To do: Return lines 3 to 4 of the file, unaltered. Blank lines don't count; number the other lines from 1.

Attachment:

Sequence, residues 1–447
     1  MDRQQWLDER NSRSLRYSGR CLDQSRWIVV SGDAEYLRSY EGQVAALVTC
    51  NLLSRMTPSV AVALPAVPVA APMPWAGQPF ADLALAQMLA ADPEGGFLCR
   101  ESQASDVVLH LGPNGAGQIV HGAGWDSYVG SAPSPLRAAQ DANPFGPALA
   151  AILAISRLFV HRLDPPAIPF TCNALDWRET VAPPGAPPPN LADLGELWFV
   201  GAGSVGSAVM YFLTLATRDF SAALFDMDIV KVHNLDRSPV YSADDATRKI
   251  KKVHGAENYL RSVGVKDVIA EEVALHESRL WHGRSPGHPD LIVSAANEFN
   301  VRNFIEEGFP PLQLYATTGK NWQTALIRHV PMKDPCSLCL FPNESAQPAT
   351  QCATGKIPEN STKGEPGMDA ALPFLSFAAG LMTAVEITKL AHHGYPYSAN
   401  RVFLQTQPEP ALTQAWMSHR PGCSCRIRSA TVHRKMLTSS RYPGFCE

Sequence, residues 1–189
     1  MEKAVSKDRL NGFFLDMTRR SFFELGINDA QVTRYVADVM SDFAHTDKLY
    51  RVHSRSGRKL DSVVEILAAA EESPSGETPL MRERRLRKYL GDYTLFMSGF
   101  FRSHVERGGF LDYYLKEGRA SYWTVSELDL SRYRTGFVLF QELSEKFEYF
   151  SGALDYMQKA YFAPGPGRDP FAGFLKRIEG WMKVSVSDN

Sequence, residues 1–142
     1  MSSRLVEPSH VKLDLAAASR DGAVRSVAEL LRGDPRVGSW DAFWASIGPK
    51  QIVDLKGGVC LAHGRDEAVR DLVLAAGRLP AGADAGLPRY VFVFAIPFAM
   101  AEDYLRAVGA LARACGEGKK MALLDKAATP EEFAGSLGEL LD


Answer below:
    51  NLLSRMTPSV AVALPAVPVA APMPWAGQPF ADLALAQMLA ADPEGGFLCR
   101  ESQASDVVLH LGPNGAGQIV HGAGWDSYVG SAPSPLRAAQ DANPFGPALA